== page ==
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Boston Holocaust Memorial vandalized for second time this summer

A 17-year-old is charged with destruction of property after witnesses reported seeing him throw a rock at the glass memorial.
The New England Holocaust Memorial in Boston was vandalized for the second time this summer. Photo: CJPBoston/Twitter
The New England Holocaust Memorial in Boston was vandalized for the second time this summer. Photo: CJPBoston/Twitter

A teenage boy has been charged with willful and malicious destruction of property after allegedly vandalizing Boston’s New England Holocaust Memorial in the second such incident this summer.

Boston police responded to a call concerning vandalism at the memorial around 6:30 p.m. Monday. The 17-year-old male from Malden had been stopped by two bystanders after they witnessed him throwing a rock at the memorial, officials said. One of the lower panels was shattered, scattering glass over the ground.

Officials are not releasing the name of the 17-year-old involved with this incident as he is a juvenile. He was arraigned in Boston Juvenile Court on Tuesday, according to the Suffolk County District Attorney's office, and released on personal recognizance. 

He was ordered to stay away from the New England Holocaust Memorial and to comply with mental health treatment. 

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The memorial contains six towers, representative of the 6 million Jews who died during the Holocaust, the six years of the Final Solution and the six main death camps where the majority of European Jews were murdered.

Each tower contains 22 panes of glass, for a total of 132 panes, that are etched with the numbers that were tattooed on the arms of those who endured and perished in Nazi death camps.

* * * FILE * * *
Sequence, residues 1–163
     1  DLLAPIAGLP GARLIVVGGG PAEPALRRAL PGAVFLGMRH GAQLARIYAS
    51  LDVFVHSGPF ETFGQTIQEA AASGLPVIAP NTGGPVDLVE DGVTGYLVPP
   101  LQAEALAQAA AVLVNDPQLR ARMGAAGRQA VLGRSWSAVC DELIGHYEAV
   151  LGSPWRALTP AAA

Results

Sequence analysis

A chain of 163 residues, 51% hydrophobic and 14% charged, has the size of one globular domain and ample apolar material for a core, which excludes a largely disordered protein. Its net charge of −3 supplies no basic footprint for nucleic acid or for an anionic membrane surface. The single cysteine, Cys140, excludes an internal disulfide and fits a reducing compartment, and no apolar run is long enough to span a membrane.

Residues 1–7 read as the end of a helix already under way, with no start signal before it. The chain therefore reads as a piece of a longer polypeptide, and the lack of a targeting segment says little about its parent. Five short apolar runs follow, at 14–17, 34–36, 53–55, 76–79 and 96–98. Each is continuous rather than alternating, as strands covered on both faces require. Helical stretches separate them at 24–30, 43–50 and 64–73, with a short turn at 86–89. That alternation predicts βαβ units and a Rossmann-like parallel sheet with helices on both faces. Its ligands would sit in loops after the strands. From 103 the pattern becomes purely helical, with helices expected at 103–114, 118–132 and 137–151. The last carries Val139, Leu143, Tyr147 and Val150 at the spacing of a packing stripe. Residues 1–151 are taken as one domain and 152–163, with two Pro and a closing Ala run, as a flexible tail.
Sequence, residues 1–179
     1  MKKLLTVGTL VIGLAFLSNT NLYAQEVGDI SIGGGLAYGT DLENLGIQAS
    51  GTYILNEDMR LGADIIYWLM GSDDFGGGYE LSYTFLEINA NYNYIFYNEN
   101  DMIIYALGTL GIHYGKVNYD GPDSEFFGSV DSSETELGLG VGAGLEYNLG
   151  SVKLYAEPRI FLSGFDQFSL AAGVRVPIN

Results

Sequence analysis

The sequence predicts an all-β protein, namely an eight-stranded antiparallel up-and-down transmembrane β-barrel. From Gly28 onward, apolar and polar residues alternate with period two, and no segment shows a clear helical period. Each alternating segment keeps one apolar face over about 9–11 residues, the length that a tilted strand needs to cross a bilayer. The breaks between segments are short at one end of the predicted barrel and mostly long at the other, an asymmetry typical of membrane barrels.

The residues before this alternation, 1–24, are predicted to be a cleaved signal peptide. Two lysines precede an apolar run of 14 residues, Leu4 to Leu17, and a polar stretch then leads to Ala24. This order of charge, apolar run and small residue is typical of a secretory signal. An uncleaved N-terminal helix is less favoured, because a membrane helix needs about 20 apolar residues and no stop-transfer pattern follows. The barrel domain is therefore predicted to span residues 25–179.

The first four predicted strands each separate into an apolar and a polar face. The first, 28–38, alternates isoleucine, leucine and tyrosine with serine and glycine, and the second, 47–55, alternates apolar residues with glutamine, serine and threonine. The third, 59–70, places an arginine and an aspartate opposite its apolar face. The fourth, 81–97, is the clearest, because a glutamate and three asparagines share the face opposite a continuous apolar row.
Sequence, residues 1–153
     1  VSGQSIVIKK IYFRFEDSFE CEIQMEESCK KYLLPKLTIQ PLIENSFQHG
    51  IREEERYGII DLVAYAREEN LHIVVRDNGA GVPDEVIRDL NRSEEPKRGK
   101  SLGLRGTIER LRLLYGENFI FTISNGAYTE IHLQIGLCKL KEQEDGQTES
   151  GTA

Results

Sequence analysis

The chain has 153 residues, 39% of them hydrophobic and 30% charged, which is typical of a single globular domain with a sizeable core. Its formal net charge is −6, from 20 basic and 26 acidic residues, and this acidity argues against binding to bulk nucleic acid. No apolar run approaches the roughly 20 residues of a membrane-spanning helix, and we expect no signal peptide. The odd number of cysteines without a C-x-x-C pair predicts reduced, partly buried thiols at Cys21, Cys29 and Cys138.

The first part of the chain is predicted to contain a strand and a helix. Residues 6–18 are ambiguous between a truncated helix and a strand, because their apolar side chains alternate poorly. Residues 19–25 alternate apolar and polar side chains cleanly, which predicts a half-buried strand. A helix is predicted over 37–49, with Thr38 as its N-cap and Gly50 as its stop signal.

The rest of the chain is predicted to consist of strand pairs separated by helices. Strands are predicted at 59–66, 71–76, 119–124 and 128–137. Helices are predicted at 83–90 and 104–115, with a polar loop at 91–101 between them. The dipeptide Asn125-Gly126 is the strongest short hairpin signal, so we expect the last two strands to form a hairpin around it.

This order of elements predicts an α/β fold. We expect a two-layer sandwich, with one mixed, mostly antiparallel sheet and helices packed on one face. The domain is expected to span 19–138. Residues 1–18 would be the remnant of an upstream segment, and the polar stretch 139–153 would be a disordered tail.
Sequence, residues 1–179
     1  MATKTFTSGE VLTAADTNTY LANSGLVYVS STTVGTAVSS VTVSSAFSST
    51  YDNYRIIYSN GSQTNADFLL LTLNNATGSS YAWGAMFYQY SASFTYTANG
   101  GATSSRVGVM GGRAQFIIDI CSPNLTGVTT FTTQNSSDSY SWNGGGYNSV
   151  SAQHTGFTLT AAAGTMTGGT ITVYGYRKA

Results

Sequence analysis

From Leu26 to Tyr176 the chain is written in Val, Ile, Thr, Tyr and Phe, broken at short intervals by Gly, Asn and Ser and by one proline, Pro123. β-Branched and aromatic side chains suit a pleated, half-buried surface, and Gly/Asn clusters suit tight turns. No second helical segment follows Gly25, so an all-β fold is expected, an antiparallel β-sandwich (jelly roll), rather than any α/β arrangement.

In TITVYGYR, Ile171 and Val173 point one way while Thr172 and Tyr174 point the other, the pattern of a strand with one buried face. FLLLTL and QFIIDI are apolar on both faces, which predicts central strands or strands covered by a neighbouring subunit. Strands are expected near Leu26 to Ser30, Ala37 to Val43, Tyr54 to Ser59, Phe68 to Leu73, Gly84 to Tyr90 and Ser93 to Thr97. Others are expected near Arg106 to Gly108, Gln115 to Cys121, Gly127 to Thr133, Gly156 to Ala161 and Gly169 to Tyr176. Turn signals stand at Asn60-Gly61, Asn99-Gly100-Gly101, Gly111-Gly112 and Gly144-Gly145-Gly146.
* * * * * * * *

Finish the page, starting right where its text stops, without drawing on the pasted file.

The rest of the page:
The memorial is maintained by Combined Jewish Philanthropies and the Boston Jewish Community Relations Council. Together, the organizations released a statement saying that they are “appalled and saddened” that the memorial was vandalized for the second time in less than two months.

The vandalism also followed a white supremacist rally this past weekend that turned violent in Charlottesville, Va., resulting in one death and dozens injured.

“The images of Nazis marching in the streets of America over the weekend in Charlottesville and now shattered glass once again at this sacred space in Boston are an affront to our Jewish community and to all those who stand-up against bigotry, hatred and anti-Semitism,” the Jewish organizations said in their statement.

“We thank the Boston Police and the Public Works Department for their rapid response and for their continuing support during this difficult time,” it continued. “We will remain resilient and will have a timeline for rebuilding the memorial once we have assessed the damage.”

In July, the memorial was rebuilt and re-dedicated after a 21-year-old Roxbury man threw a rock at one tower and shattered a glass pane. That man, James E. Isaac, plead not guilty to vandalism; his attorneys said he had a history of mental illness.

Mayor Marty Walsh spoke out against hate on Monday following the news of Charlottesville and concerns that a similar rally could be coming to Boston this weekend. After learning of the vandalism, he once again affirmed that position.

“Today and every day Boston stands up against hate. I’m saddened to see such a despicable action in this great city,” he said via Twitter.

Senator Elizabeth Warren also took to the platform to condemn the vandalism.

“Let me be clear,” she wrote. “These cowardly acts of hate aren’t welcome in Boston or anywhere else in this country.”

Boston Police Commissioner William Evans also said in a statement that "this type of behavior will not be tolerated in our city."

"And, in light of the recent events and unrest in Charlottesville, it’s sad to see a young person choose to engage in such senseless and shameful behavior," he added. 

Combined Jewish Philanthropies has shared a way for supporters to contribute to the Holocaust Memorial’s ongoing repairs as well as programs and events that “educate the public and foster reflection about the impact of bigotry during the Holocaust and today.” 

 
 
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